Greenpeace and Jane Fonda want the same thing: a just transition to a green and peaceful future without fossil fuels.
This future is very much possible, but it can only be achieved through an organized, multi-generational movement comprised of informed people who demand swift climate action from our political leaders.
At Greenpeace we work toward this goal by organizing people, taking nonviolent direct action, and supporting those who are on the frontlines of the climate crisis. Yet our greatest challenge is reaching people beyond our usual audience, people who don’t identify themselves as activists (yet!).
Jane Fonda is no stranger to fighting the climate crisis, but after youth activist Greta Thunberg challenged everyone to behave like their “house is on fire,” Jane wanted to do more and have greater impact. She especially wanted to increase numbers of older folks within the climate movement.
Greenpeace and Fonda’s partnership has been a close collaboration from the start. We recognized our compatible skill sets and resources and knew that our best chance at success is to combine them.
We created Fire Drill Fridays with the following goals:
Engage new audiences on climate issues
Provide the community, education, and infrastructure for people to take meaningful action
Amplify the voices of frontline communities so that their stories can reach new ears
Sprinkle some Jane Fonda sass onto the climate movement
Our guiding principle is that Jane Fonda is the entryway to the movement, but not the final destination.
We launched a live Fire Drill Fridays web series in April of 2020, hosted by Fonda. Eeach week the show opens and closes with her, but the rest of the episode focuses on people impacted by - and fighting against - the worst effects of the climate crisis. Jane also speaks with climate experts, politicians who grasp the importance of taking bold action, and celebrities who devote their time to these issues.
Since its launch in 2020, Jane has hosted a staggering 44 FDF episodes and introduced its audience to more than 80 guests ranging from Rep. Alexandria Ocasio-Cortez, to the Founder of GreenLatinos Mark Magaña, and Sum of Us author Heather McGhee.
Jane's friends also join at times to help out. Lily Tomlin appeared in a hilarious sketch to demonstrate how to call your congressperson, Brazilian actress Alice Braga discussed the connection between the climate crisis and the industrial food system, and Joan Baez performed a civil rights song from her kitchen.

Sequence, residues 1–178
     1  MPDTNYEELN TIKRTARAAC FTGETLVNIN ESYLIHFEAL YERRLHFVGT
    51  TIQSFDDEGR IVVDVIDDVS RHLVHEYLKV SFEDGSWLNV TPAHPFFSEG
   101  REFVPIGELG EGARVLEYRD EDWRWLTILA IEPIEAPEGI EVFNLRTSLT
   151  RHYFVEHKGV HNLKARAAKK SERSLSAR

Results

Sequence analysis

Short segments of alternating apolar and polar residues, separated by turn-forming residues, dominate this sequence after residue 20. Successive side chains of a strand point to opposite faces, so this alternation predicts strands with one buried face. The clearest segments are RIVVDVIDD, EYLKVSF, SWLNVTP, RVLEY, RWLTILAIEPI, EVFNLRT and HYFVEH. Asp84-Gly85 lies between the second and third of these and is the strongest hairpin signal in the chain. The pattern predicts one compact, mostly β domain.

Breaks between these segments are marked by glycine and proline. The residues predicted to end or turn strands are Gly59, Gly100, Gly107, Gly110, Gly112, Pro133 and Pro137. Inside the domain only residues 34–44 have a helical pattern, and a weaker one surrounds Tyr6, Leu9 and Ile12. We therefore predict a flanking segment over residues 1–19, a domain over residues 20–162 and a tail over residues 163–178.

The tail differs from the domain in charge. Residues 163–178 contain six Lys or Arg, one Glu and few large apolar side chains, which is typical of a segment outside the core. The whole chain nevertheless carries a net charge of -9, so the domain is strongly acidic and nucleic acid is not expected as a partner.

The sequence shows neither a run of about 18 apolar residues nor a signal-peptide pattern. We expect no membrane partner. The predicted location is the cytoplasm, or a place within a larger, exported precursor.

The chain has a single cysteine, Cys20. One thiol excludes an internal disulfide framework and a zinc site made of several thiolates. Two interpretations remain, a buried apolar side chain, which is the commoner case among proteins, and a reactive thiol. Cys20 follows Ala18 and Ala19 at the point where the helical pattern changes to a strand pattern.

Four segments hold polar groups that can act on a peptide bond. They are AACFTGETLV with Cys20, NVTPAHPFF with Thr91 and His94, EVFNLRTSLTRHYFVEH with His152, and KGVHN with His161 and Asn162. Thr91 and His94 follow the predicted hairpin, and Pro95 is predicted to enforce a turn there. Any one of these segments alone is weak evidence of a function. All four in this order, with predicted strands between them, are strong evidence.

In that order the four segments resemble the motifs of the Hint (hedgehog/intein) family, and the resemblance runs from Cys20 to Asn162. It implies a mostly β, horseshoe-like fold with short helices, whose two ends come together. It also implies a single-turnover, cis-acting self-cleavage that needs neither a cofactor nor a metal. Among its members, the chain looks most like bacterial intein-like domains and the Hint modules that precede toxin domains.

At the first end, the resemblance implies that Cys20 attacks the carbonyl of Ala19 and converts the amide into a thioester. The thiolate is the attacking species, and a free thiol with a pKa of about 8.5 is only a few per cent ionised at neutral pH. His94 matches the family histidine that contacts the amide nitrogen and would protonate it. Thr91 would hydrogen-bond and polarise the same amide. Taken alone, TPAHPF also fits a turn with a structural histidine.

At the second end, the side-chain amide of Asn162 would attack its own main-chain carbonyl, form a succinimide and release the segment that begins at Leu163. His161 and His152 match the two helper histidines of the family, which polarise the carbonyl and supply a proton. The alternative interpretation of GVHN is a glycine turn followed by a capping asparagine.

What makes FDF truly unique is that our audience isn’t simply passively watching the show. We also give them multiple ways to take meaningful action - from signing petitions and calling their representatives, to getting out the vote in the 2020 election and sharing creative protest signs.
Another crucial component of Fire Drill Fridays is our philosophy to meet audiences where they currently are. Jane’s weekly live show is simulcast to Facebook (multiple pages via crossposts), YouTube, Twitter, Twitch, and in a Zoom webinar where her most devoted fans get a behind-the-scenes experience and a communal chat. After the live broadcast, the show is also shared on Instagram and SiriusXM to reach the most people possible.
We are constantly experimenting with the format, like using poetry and storytelling to de-politicize a specific issue, which is especially important given the currently vitriolic political environment.
We use on-screen and in-chat polls during the broadcasts and then build viewer feedback into future shows.
The flexibilty we have built into the process allows Jane to relate the intersections of different movements, such as pivoting to talk about race after George Floyd was murdered.
In addition to the show itself, Jane also creates original TikTok promo videos. She leveraged her iconic workout videos and the movie 9 to 5 to promote the campaign.
Fonda also shares FDF content on all of her personal social channels, talks about it during interviews, wrote a book about the climate fight, and even brought her iconic red FDF coat onstage at the 2020 Oscars when she presented the Best Picture Oscar. We've also created custom Fire Drill Fridays-branded GIFs on GIPHY.
We hoped that by creating a campaign with an iconic yet relatable host and diverse content released on a consistent schedule in many locations, we could reach new audiences who will take action with us.
Fire Drill Fridays succeeded beyond all our expectations. Each episode receives hundreds of thousands of views across platforms, totalling more than 8.5 million total views, many times more than our climate content typically receives.
More importantly, 23,876 people have currently signed up for the FDF volunteer program. Over 20,000 volunteers contacted more than 4 million voters in the 2020 general election to remind people to consider climate issues while voting. Our volunteers come from all 50 states and Puerto Rico.
We were especially successful in reaching and engaging older folks. Most of our volunteers are between the ages of 50 and 70, with the oldest being an 80 year old woman in South Dakota. This especially exceptional for a texting campaign.
We also surpassed our goal to engage audiences who were new to Greenpeace. Nearly 40% of volunteers were brand new to Greenpeace. That number jumps to 65% when looking at those who were having their first active interaction with Greenpeace.
The campaign has had dozens of tier one media hits - everything from the New York Times to Vogue to Rolling Stone andThe Ellen DeGeneres Show and Late Night with Stephen Colbert.
We’ve had innumerable positive comments from viewers saying that the show has helped them understand why we’re fighting and how we can win, as well as concepts they were previously unfamiliar with, such as environmental racism.
Their feedback tells us that while many people first tune in for Jane, they stay because of the community.
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